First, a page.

Text by Ny2AZ
Hoss' Drifter Bladder Alternative Here
Photos Courtesy of Clutch, Bullard Texas, VROC 17881
Objective: A little more sound and less back pressure without the high cost of aftermarket pipes.
Gutting the "goat's bladder" (catalytic converter, AKA "goat belly") if done correctly along with removing the innards from the stock mufflers sounds awfully close to the V&H baggers l've been told...Ok, lets get started...
Removal Of Exhaust System:
Remove all shield assy's and remove both rear muffler assy's. by loosening the clamps at the goat's bladder for the left and right mufflers. Then remove the two bolts holding each muffler to the brackets, one assy at a time. After the two bolts at the rear of the muffler have been removed you now slowly twist the muffler assy so that the front pipe that goes into the goats bladder slides out and frees the muffler. Place each muffler in a safe place so they do not get damaged or scratched. When both mufflers have been removed, you now proceed to the front and rear header assy's. Again, loosen the clamps at the bladder for the front and rear header assy's and loosen the header nuts at the cylinder head... REMEMBER to buy new crush gaskets for the headers.
When it is time to reassemble the exhaust system, new gaskets for the goat's bladder are not necessary since you are not removing the seals to begin with and may be re-used after the bladder has been re-assembled. When all this is completed you now have the goat's bladder suspended by two bolts mounted to the under body frame. Remove both of these
bolts and the bladder will drop.
This is where the work begins. If you have a 10" miter saw or table saw you can buy a 10" grinding wheel and do the work yourself or just take it to a muffler shop like l did. I had my local Midas muffler shop do it and he did the work for me for $30.00 . It took all of about 20-25 minutes to complete the whole process.
After he has completed this he will now have two halves of the bladder assy. One half of the assy will have a steel plate that runs through it with a 3" round honeycomb openingwhere all the exhaust gases have to pass to exit the exhaust. This is where the exhaust builds up extreme backpressure and also mutes the sound level of the exhaust as well. You or he will cut out this section on the bladder out completely.
You are now ready to re-assemble the bladder. Have him clamp the assy and weld it back together. After this is done, spray with black high-temp and re-install the bladder on your scoot just reversing the dis-assembly procedure listed above. After all is back together start the bike and listen to the new sound she makes.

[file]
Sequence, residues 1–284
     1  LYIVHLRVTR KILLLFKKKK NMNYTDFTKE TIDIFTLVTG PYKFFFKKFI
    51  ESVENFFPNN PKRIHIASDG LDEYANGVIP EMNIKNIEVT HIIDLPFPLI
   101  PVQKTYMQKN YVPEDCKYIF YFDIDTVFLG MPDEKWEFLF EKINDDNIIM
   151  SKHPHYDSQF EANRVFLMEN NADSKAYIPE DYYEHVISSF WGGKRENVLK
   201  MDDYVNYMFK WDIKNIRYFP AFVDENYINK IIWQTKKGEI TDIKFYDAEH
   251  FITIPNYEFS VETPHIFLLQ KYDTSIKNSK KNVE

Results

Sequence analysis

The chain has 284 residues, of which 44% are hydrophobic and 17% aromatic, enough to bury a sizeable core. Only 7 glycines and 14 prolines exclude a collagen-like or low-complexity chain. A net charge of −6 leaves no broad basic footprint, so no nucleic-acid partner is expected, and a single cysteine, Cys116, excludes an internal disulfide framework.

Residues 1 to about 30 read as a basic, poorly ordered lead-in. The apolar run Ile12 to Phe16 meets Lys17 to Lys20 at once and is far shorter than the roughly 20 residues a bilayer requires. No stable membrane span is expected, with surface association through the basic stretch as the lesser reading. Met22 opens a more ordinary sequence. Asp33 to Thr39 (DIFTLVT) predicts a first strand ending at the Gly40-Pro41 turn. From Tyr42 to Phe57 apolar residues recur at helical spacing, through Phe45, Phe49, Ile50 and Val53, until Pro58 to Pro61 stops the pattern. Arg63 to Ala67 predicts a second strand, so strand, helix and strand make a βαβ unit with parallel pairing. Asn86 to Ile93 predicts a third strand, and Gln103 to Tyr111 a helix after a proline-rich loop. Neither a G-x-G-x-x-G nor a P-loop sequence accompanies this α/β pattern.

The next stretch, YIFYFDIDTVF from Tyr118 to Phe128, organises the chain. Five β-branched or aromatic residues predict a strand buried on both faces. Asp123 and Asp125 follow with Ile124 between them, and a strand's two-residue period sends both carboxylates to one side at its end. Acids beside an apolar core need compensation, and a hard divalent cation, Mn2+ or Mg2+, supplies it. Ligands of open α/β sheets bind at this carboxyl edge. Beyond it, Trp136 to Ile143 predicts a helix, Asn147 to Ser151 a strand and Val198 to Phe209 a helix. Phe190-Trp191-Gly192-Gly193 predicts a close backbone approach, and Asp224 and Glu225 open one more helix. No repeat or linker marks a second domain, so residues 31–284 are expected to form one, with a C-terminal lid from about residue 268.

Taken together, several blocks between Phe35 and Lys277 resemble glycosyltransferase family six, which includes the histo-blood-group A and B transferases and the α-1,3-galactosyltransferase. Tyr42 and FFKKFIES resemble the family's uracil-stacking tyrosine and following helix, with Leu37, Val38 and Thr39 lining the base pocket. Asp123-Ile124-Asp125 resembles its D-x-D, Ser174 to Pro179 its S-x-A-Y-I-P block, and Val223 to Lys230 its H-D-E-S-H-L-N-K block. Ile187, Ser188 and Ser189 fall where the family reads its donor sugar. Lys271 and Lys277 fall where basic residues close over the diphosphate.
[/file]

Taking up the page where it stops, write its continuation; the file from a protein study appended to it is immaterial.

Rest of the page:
I degreased the bladder with a degreaser, let dry completely and lightly sanded it, wiped clean and sprayed like l said with a black high-temp spray paint. l have since put on 4K miles and it looks as good as the day l sprayed it. No peeling or flaking of the paint. Also cutting a small hole in the bottom of the bladder will not accomplish the same effect as this procedure does. Look at the attached photo (above) and see that just removing the 3" honeycomb catalyst still leaves behind the steel plate which runs across the bladder and creates the backpressure and muffles the sound.
BTW, the goat's bladder does not weigh in at like some have said 20-40 pounds. It does weigh about 8 pound which is maybe a pound or two more than the Dutch bypass.
RED areas are one welded on 1 1/2 tube for left hand pipe (area is clearly marked on Drifter bladder). The other red area is a reducer to bring the 1 7/8 exit pipe down to 1 1/2 to fit your Nomad's.
BLUE areas are the perforated tubes that are chiseled out or I used a large screw driver to break them free, then remove them from the larger drifter opening in the third pipe hole.
Black and Gray are the bladder itself.
The Drifters bladder has only three external pipes, as opposed to four like the Nomads due to it's left side exhaust pipe. Of the three exit (entrance pipes) that they each have, the two that are above each other on the bladders right hand sides (as sitting on the bike) have 9 1/2" perforated tubes inside them. These two tubes just need to be hammered and chiseled, or a large screw driver will do to free them around there mounting locations, along with a few little tabs that hold them in place (see Drawing for clarification). Once this is done, they can be removed from the third opening that leads out to the back exhaust pipe (on a Drifter bladder it's a larger opening).
That's it, the bladder is gutted! You're done; no cutting open or welding it back shut! Just bolt it back on, re-install the stock Drifter pipe.
One drawback. Because the Nomad uses two pipes out each side of the bike, the exhaust exit ports are identical on the Nomad whereas the exit for the Drifter is larger. All FOUR pipes on the Nomad are 1 1/2" across, but the Drifter has two 1 1/2" and one 1 7/8" for the exit of the Drifters single exhaust pipe. You may need a muffler shops assistance modifying the pipe sizes.
Pretty Cool Eh?????
This Drifter Belongs To Scott "RIDEON" Steen